It’s always great to see good sportsmanship out there on an IM race course. There is so much BAD sportsmanship, (i.e., drafting, “its-all-about-me” race tactics, etc) at most races that it sort-of restores your faith in humanity when you see examples of real sportsmen out there.
Example one: Fuel Belt Captain Vinu Malik. Vinu is the toughest IM competitor out there, yet never has a bad word for anyone unless they REALLY deserve it. Apparently a drafting peleton he passed between Keene and Jay (the flat part of the course) irritated him so much that he couldn’t help but shout a few choice words at them. The response of one of the paceline participants? “Watch your language please!”. Vinu executed his race perfectly like he almost always does. Hit his power number on the bike to the watt (as planned by his QT2 Coach Jesse K). Then got off and ran a IM marathon PR (at age 43 in his 31st IM on a very tough course) of 3:16. He moved from around 30th place to 13th, making sure to stop and kiss his baby daughters each time he passed. Alas, with over 500 people in his age group and only 10 slots, he is not going to Kona. Instead of bitching and moaning about anything and everything and making excuses, he simply summed it up with a smile and said that he’d been on the other side of winning the last Kona slot many times, so that’s just the way it goes. The guy who got the last slot in his age group, Sean Reilly, wrote Vinu a really nice email telling him what a class act and great ambassador for the sport he is. Right on. These guys both raced hard, put it all on the line, executed as well as they could, and let the chips fall. I hope some of the peleton riders see this and learn something.
Example two: Sean Watkins of Lava Magazine (the hot new tri mag – just hitting the stands – check it out!) and many-time national track cycling champion did his first IM at Placid. He had been here in Barrington for the Providence 70.3 with his SO Heather Jackson, and it was here that a bet was made. Vinu expected Wattie would crush him on the bike, but that he would have a good chance of running Wattie down. So, the wager was that if Vinu passed Wattie on the run before mile 25, Wattie must don a particularly sharp pair of Ironman Super Hero Under-Roos briefs. How exactly this would happen logistically was another question.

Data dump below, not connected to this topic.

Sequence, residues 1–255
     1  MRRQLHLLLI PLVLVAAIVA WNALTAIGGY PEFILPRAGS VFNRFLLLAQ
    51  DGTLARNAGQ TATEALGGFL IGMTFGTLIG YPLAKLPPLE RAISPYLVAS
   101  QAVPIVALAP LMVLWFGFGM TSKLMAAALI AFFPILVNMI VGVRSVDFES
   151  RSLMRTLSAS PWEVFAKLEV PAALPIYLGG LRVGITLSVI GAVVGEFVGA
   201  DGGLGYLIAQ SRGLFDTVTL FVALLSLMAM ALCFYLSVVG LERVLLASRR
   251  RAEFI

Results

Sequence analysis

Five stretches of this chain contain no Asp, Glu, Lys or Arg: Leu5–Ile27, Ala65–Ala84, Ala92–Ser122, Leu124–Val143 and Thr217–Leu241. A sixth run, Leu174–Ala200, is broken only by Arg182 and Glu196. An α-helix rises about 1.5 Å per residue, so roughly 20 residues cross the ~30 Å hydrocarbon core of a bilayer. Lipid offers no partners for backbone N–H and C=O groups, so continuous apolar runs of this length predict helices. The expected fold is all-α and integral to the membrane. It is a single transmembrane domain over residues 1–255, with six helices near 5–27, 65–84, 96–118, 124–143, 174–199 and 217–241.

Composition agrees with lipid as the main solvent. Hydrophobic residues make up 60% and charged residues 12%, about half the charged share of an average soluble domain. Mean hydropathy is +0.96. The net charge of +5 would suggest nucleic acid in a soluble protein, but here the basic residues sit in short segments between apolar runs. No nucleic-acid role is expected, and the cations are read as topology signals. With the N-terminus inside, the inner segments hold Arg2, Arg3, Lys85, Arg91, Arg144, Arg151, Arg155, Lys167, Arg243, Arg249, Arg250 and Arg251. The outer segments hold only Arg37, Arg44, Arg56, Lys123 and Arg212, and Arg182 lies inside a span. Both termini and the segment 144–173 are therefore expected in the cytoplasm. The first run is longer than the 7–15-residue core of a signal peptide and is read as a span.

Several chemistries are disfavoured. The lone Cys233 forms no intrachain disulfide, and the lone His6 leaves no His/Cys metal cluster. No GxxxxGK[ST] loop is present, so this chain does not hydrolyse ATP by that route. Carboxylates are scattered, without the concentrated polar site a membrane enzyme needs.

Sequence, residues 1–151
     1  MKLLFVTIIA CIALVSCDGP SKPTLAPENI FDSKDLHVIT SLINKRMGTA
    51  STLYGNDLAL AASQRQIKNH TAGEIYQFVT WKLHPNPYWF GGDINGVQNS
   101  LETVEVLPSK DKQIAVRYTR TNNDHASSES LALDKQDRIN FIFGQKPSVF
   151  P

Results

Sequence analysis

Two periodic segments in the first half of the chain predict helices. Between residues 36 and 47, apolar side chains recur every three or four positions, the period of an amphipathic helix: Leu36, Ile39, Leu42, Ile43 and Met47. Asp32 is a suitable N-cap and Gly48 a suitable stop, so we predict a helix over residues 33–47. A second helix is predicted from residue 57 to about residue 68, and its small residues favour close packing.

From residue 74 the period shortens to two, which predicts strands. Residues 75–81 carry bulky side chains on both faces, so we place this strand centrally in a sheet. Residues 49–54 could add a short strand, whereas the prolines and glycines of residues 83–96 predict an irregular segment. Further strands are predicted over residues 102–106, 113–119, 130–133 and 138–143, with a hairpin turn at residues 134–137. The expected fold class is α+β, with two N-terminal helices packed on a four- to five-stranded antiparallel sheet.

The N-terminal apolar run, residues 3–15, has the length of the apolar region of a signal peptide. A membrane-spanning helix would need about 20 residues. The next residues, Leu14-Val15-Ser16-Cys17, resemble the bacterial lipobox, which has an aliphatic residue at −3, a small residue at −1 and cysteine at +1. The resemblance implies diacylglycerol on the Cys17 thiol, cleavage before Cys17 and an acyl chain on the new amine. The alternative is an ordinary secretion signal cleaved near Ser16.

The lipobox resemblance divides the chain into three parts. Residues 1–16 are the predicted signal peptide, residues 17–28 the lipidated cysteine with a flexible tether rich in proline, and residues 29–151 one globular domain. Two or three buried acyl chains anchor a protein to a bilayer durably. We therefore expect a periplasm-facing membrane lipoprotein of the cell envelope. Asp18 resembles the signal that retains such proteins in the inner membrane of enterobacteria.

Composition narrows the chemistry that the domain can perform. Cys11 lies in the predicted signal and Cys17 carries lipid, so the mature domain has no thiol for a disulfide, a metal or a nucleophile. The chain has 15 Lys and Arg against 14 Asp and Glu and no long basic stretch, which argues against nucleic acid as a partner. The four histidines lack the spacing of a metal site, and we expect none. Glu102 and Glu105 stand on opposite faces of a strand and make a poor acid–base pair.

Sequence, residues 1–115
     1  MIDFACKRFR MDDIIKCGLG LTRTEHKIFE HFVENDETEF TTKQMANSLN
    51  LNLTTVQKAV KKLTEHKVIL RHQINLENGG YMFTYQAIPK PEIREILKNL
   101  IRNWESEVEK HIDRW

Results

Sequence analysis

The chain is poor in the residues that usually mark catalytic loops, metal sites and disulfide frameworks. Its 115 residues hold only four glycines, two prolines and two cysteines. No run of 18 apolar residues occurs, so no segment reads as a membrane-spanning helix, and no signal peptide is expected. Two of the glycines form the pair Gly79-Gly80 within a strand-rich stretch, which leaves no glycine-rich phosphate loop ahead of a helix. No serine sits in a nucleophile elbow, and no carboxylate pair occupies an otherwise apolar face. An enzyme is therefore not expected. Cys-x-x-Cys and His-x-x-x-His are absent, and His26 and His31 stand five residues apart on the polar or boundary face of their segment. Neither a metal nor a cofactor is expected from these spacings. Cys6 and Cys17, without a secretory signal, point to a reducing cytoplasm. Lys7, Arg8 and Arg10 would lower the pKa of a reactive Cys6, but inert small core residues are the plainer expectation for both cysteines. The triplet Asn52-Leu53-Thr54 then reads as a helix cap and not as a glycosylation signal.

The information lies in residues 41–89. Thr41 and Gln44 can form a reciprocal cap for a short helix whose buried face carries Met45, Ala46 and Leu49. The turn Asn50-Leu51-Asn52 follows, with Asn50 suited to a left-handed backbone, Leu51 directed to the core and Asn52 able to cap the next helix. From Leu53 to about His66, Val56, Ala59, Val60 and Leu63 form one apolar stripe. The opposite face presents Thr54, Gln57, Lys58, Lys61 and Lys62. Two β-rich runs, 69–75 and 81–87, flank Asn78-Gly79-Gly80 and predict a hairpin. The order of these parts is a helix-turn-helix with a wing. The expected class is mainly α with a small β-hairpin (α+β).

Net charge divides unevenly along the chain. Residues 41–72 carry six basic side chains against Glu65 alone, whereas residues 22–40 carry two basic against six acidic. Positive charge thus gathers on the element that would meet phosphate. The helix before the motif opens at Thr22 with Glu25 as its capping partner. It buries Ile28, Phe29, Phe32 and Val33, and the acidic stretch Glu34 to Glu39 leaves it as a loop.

As it turned out, Wattie never did lead Vinu, as he rode conservatively, fearing the run. When I saw Wattie pass us at mile 11, I just so happened to have the briefs in question in my pocket, and took the opportunity to waive them in front of him as he climbed the hill. He immediately went from “blinders-on-zoned-out” to laughter and picked up his pace a little. Then, we got lucky. Vinu had finished and was already showered, eating pizza, drinking beer, holding his daughter, and cheering on the folks still out on the course. I realized I hadn’t seen Wattie pass by yet, but could have easily missed him in the crowd. Still, something told me he was near. I handed the briefs to Vinu, and sure enough, ten minutes later, here he comes trudging up the hill. The rest is better illustrated with pictures. Yes he ran the last two miles to the finish in 11 hours clad in under-roos. Now that is what I call good sportsmanship! Never let anyone say Sean Watkins welshes on a bet!